Child identity theft is something to ask about. Child identity theft happens when someone takes a child‘s sensitive personal information and uses it to commit fraud. They could use your child‘s Social Security number, date of birth, driver’s license number, or other identifying information.
If you think someone is using your children‘s information, you can contact the National Center for Missing and Exploited Children (NCMEC) at 1-. The FTC works for consumers to prevent fraudulent, deceptive and unfair business practices and to provide information to help spot, stop and avoid them. For more information about child identity thefts, visit the NCSL’s website at http://www.ncsl.org.
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How does child identity theft happen?
Child identity theft happens when someone uses a child‘s Social Security number to commit fraud. This could include opening bank and credit card accounts, taking out loans, and more.
Are children victims of identity theft?
The warning signs of identity theft and how a child‘s personal information can be compromised can be learned. More than 1.3 million children are victims of identity theft each year and 50% of those victims are under the age of 18. Learn how to protect your child from online predators.
What are identity theft crimes?
Identity theft occurs when someone uses another person’s personally identifying information, such as a person’s name, Social Security number, or date of birth, to commit a crime.
Identity theft is the most common type of crime in the U.S., and it’s estimated that more than one in five Americans has been the victim of identity theft.
How to Protect Yourself from Identity Theft: What to Do If You’re Being Targeted by Someone Using Your Personal Information to Commit a Crime.
How many kids get their identity stolen?
More than 1 million children in the U.S. are victims of identity theft each year, according to a study by the Identity Theft Resource Center. The study, conducted by the National Center for Missing and Exploited Children (NCMEC) and the Federal Bureau of Investigation (FBI), estimated that 1.2 million of those children were victimized in 2016. That’s up from the previous year’s estimate of 890,000 victims, according to ITRC.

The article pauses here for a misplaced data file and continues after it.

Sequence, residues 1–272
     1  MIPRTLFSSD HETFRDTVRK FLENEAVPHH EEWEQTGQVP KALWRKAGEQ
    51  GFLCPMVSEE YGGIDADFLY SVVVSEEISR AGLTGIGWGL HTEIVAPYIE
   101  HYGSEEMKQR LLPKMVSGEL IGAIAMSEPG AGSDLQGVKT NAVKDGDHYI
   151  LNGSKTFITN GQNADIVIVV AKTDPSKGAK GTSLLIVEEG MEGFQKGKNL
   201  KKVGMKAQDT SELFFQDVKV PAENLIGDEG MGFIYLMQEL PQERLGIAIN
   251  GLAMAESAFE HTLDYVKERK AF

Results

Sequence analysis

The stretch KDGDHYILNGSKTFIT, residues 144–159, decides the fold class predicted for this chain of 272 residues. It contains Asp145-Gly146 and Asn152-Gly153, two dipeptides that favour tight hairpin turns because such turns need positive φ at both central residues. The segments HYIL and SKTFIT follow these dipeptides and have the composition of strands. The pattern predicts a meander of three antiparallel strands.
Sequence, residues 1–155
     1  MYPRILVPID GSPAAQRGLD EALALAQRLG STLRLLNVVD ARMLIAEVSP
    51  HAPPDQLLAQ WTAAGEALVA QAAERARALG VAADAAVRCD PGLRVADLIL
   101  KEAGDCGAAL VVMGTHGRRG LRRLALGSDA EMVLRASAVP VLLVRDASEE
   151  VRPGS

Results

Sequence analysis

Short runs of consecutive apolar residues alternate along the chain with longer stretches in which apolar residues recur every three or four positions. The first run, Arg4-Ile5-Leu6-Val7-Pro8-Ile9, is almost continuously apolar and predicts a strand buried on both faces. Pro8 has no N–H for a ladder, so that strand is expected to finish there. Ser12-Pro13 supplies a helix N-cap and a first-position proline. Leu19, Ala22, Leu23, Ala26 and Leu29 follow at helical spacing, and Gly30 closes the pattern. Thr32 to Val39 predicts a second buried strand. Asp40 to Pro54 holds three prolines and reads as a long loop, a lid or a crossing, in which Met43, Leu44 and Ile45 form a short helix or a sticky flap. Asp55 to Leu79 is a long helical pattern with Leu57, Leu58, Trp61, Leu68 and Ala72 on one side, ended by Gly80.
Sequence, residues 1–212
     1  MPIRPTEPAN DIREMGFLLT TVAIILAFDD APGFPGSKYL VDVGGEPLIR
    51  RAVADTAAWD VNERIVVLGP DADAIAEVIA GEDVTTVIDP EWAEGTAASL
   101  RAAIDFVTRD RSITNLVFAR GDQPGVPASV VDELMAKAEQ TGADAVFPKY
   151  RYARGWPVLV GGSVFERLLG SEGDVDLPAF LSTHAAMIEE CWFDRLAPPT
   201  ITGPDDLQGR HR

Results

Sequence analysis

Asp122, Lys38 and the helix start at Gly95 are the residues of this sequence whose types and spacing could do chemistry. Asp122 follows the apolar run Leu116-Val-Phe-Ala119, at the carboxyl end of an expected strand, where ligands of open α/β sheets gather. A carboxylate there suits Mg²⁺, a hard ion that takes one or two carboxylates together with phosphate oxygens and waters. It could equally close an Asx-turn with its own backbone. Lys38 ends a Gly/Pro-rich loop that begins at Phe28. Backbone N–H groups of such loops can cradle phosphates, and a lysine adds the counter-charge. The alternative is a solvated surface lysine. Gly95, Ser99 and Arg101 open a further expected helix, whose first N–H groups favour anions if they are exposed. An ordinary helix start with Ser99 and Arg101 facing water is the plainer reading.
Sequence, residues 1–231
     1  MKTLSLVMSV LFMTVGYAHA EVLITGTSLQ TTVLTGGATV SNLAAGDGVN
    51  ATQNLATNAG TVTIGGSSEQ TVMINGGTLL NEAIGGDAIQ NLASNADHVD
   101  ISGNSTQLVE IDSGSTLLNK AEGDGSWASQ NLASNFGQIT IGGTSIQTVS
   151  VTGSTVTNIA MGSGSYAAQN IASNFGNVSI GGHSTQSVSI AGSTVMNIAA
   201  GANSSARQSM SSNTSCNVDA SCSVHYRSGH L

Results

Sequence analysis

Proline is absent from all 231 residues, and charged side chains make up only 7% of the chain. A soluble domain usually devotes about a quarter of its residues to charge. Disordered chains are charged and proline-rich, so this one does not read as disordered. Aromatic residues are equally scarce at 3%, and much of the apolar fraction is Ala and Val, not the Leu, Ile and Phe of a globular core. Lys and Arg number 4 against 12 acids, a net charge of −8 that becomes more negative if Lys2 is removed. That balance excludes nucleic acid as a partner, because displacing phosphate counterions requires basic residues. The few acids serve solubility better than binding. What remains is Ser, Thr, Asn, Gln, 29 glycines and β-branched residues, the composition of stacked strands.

How do you check if child SSN has been stolen?
To make sure no one is using your child‘s Social Security number, you need to check with the Social Security Administration once a year. You need to check your child‘s credit report for free. It is possible to report fraud to the credit bureaus.
If you have a child who is a U.S. citizen or green card holder, it’s important to know that you can file a petition to have the child removed from the United States. The petition must be filed within 30 days of the date of birth. If the petition is not filed, the children will be returned to their parents.
Can a parent use their child’s SSN?
Legal guardians and parents have unrestricted access to their children‘s personal information. In many cases, a parent, a close relative, or a legal guardian might use the child‘s Social Security number, birth date, and/or driver’s license number in order to verify the identity of a child. If you suspect that your child has been the victim, you should immediately report the incident to your local law enforcement agency.
Can I put a pin on my child’s Social Security number?
An Identity Protection PIN is a six-digit number that prevents someone else from using your Social Security number or Individual Taxpayer Identification Number to file a tax return. If you file a joint return with your spouse and dependents, they are eligible for an intellectual property PIN. If you don’t have one of these numbers, you’ll need to get one from the IRS.
What can happen if a child experiences online theft of personal information?
Children can be exposed to identity theft if they reveal too much personal information online. A child‘s stolen identity may not be noticed for years and could result in the child being unable to get a job, rent a home, or apply for a driver’s license, among other things.
Do identity thieves get caught?
The 2006 research shows that federal authorities arrest less than 1% of the criminals (one person in 700 identity theft suspects). Nearly 45% of violent crime and 16% of property crime are committed by people who have stolen someone else’s identity.